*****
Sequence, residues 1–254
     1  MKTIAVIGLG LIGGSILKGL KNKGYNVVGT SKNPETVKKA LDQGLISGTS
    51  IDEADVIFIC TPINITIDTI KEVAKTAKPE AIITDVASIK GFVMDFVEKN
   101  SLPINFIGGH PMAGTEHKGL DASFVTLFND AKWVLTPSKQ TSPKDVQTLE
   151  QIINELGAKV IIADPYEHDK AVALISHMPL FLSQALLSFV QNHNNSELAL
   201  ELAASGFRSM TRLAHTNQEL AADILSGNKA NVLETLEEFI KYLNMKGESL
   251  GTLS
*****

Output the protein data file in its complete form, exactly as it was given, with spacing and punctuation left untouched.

Sequence, residues 1–254
     1  MKTIAVIGLG LIGGSILKGL KNKGYNVVGT SKNPETVKKA LDQGLISGTS
    51  IDEADVIFIC TPINITIDTI KEVAKTAKPE AIITDVASIK GFVMDFVEKN
   101  SLPINFIGGH PMAGTEHKGL DASFVTLFND AKWVLTPSKQ TSPKDVQTLE
   151  QIINELGAKV IIADPYEHDK AVALISHMPL FLSQALLSFV QNHNNSELAL
   201  ELAASGFRSM TRLAHTNQEL AADILSGNKA NVLETLEEFI KYLNMKGESL
   251  GTLS